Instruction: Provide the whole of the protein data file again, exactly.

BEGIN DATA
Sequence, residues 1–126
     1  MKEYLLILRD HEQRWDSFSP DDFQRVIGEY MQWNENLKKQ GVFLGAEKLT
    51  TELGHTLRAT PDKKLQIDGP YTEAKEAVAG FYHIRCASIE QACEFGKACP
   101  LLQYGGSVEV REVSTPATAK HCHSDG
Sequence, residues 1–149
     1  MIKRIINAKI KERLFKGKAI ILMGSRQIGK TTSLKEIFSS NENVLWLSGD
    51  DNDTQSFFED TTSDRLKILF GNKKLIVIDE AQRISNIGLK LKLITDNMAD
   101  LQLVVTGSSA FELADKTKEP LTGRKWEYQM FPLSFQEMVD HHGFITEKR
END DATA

Sequence, residues 1–126
     1  MKEYLLILRD HEQRWDSFSP DDFQRVIGEY MQWNENLKKQ GVFLGAEKLT
    51  TELGHTLRAT PDKKLQIDGP YTEAKEAVAG FYHIRCASIE QACEFGKACP
   101  LLQYGGSVEV REVSTPATAK HCHSDG
Sequence, residues 1–149
     1  MIKRIINAKI KERLFKGKAI ILMGSRQIGK TTSLKEIFSS NENVLWLSGD
    51  DNDTQSFFED TTSDRLKILF GNKKLIVIDE AQRISNIGLK LKLITDNMAD
   101  LQLVVTGSSA FELADKTKEP LTGRKWEYQM FPLSFQEMVD HHGFITEKR